Book Review: House of Spies, by Daniel Silva

5 Stars

I bought House of Spies because it won Kirkus Best Book of the Year—and I am thrilled that I did. The book deserves the award and the bestselling status it has enjoyed

House of Spies is the only book I have read (so far!) in Daniel Silva’s Gabriel Allon series, and I am hooked by the strong characterization, the sense of danger, and the tenuousness of the lives that Israeli spy chief—and ostensible art restorer—Gabriel Allon seeks to protect. The plot centers on capturing the Iraqi terrorist Saladin, who has perpetrated a series of deadly attacks on western cities that have scarred national treasures like The Lincoln Monument. A committed jihadist, Saladin seeks to install a caliphate that will destroy the very freedoms those monuments celebrate.

I especially loved the various settings of the novel, which take the reader from London to Provence and Marseilles and, in the climactic scenes, to the Berber lands of Morocco. Any book that has me drinking tea at sunset in a Bedouin tent in the Middle Atlas Mountains is going to enthrall me.

One caveat: other reviewers have criticized the repeated sentences, which should have been edited out. I agree, but these were minor foibles in an otherwise strong narrative.

When I finished House of Spies, I downloaded The Kill Artist, Book #1 in the Gabriel Allon series. If the other 19 books live up to House of Spies, I will read the entire series.

Fans of spy novels will love this book.

#thrillers #suspense #spy #espionage #fiction #danielsilva #houseofspies

Book Review: Keep Her Safe, by Sophie Hannah

Zero Stars

 

Keep Her Safe doesn’t merit even one star. I hated the book and forced myself to finish it.

The plot is convoluted, nonsensical, and repeatedly strains credulity. Accepting some of its twists requires a suspension of disbelief that was beyond me.  For instance, why would a female tourist traveling alone in a foreign country insist that a sketchy car rental operator keep her mobile phone until her vacation is over? This was an absurd way to ensure that Cara Burrows didn’t communicate with her family, particularly since she quickly acquires an iPad at the Swallowtail Resort where she stays. I love an unreliable narrator, but can’t abide a stupid one–or a ludicrous plot device.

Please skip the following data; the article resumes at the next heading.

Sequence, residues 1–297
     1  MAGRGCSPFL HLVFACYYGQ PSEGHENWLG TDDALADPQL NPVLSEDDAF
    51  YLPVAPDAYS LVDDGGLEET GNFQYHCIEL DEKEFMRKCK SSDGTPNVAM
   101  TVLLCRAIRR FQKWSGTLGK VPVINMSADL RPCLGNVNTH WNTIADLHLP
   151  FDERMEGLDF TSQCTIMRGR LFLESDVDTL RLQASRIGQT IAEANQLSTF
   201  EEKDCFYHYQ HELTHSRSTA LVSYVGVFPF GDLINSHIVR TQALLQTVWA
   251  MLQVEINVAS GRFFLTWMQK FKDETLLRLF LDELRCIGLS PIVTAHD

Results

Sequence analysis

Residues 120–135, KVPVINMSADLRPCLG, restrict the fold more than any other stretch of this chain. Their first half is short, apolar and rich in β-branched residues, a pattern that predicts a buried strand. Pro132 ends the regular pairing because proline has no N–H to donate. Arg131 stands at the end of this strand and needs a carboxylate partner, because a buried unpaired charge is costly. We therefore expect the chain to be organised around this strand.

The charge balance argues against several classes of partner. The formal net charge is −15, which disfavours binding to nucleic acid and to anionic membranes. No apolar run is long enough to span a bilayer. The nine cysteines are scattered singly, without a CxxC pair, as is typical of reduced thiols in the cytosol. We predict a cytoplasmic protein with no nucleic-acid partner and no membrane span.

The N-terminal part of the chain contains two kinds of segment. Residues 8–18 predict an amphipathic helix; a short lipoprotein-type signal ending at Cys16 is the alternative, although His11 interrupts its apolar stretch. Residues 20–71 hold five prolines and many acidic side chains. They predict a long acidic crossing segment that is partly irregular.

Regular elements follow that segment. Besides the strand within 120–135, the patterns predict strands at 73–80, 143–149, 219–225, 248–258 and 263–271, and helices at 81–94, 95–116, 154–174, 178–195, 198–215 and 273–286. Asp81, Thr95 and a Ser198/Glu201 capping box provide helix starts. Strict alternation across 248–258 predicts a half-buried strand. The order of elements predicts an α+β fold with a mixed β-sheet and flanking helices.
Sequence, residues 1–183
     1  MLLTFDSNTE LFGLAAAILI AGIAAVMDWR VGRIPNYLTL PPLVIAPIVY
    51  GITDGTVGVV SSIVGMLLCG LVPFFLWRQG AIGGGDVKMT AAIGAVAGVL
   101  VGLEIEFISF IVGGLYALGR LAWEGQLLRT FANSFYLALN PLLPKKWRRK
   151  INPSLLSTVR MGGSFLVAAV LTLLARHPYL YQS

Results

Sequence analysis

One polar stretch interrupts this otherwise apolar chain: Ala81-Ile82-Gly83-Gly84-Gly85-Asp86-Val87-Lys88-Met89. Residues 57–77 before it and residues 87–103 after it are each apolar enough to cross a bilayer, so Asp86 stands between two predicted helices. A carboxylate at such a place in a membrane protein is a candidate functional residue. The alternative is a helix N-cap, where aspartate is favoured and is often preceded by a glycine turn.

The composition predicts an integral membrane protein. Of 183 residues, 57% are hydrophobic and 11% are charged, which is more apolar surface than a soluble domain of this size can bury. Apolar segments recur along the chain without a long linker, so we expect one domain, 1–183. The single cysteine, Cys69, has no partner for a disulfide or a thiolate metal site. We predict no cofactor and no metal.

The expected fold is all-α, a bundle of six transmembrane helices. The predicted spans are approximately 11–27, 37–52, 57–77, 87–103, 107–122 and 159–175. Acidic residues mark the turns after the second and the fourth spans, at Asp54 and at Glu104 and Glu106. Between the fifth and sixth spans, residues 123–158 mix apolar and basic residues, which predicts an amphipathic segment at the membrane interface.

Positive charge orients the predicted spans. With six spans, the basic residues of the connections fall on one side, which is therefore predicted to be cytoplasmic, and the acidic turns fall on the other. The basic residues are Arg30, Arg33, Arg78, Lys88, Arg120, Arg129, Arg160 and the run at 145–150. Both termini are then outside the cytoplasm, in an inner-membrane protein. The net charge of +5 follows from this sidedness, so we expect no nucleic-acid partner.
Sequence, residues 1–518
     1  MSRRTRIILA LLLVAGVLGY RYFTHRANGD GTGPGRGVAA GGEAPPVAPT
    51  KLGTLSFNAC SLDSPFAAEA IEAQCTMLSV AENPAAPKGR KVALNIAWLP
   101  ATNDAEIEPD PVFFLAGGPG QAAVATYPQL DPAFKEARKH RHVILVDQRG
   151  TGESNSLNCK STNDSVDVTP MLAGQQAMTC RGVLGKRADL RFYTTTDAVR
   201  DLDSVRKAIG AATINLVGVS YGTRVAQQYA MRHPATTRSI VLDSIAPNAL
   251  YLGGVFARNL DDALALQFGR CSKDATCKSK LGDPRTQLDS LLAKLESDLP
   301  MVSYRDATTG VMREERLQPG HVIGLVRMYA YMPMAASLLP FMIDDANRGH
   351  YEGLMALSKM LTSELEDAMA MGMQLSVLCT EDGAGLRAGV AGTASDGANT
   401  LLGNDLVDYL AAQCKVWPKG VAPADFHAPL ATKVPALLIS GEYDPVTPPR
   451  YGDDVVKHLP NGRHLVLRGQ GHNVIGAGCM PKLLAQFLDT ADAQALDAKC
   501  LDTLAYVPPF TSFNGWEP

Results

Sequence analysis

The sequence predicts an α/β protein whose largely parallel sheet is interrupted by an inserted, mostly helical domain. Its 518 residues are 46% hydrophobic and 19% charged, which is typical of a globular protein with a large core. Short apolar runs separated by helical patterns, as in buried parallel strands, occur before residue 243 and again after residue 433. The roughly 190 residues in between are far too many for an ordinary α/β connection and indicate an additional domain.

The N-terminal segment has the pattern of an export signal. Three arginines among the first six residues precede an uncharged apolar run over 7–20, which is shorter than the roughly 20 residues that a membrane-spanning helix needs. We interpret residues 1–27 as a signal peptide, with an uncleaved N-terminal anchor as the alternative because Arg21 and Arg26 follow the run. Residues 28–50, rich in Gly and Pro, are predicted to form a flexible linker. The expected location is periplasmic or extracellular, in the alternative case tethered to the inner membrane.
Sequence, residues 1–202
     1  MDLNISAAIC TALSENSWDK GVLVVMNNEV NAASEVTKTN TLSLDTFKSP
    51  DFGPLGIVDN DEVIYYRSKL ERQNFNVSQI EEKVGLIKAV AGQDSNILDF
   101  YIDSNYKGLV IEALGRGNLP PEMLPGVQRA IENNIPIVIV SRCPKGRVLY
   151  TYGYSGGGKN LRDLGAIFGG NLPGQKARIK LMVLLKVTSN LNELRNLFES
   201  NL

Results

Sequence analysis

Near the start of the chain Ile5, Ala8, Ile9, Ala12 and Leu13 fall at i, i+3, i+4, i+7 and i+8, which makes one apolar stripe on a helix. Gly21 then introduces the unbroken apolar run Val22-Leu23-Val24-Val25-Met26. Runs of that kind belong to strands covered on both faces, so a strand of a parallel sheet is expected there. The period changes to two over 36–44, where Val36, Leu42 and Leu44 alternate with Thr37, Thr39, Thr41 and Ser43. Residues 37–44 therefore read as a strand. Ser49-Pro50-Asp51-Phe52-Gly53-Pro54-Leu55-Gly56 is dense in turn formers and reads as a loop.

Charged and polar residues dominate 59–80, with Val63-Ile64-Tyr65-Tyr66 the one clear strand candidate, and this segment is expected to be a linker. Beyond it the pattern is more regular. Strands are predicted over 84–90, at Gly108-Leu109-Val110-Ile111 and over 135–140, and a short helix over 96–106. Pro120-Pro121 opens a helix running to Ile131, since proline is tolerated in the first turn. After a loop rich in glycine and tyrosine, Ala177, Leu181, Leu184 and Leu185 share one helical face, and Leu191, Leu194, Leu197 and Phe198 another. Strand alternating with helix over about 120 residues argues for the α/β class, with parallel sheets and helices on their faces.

I particularly disliked how the author introduced new characters late in the book.  How is the reader supposed to identify with a major character–one with a significant backstory–when that character only appears two-thirds of the way into the book?

Finally, I never got into the transcripts from the Justice with Bonnie Show or the excerpts from the book Melody never wrote. These sections seemed like a lazy way of conveying important information.

I’ve heard great things about Sophie Hannah, but Keep Her Safe does not justify its hype.

Book Review: The Witch Elm, by Tana French

5 Stars

 

The Witch Elm, a psychological suspense novel set in Ireland, upturns its author’s preoccupation with how the Dublin Murder Squad nabs a killer; instead, it focuses on a shallow, self-absorbed young man, who comes to believe himself guilty of murder—and the evil he inflicts when slammed with that knowledge. Like a feral cat toying with food, Tana French reveals all the little deceits and treacheries that build on one another to produce a corpse rotting in an elm tree.

Toby Hennessy views himself as a lucky man. He was born to wealthy, Anglo-Irish parents, is good-looking, did well in school, and has spent his childhood summers playing with his cousins, Susanna and Leon, in Elm House, their Uncle Hugo’s expansive home. Now in his late 20’s, he has a flashy job in a Dublin art gallery, a BMW and a gold watch, and an apartment that his parents helped buy. He’s also dating Melissa, a sweet woman whose nurturing nature serves him well when he is grievously injured during a burglary.

Struggling with a droopy eyelid, a faulty memory, and a bad limp, Toby returns to Elm House to nurse both himself and Uncle Hugo, who is dying from brain cancer. For a few weeks, he enjoys a rebirth of the golden summers of his childhood, helping Uncle Hugo with his genealogical research, healing, and reconnecting with Susanna and Leon, who had—for reasons unremarked by him—broken off their friendship years earlier.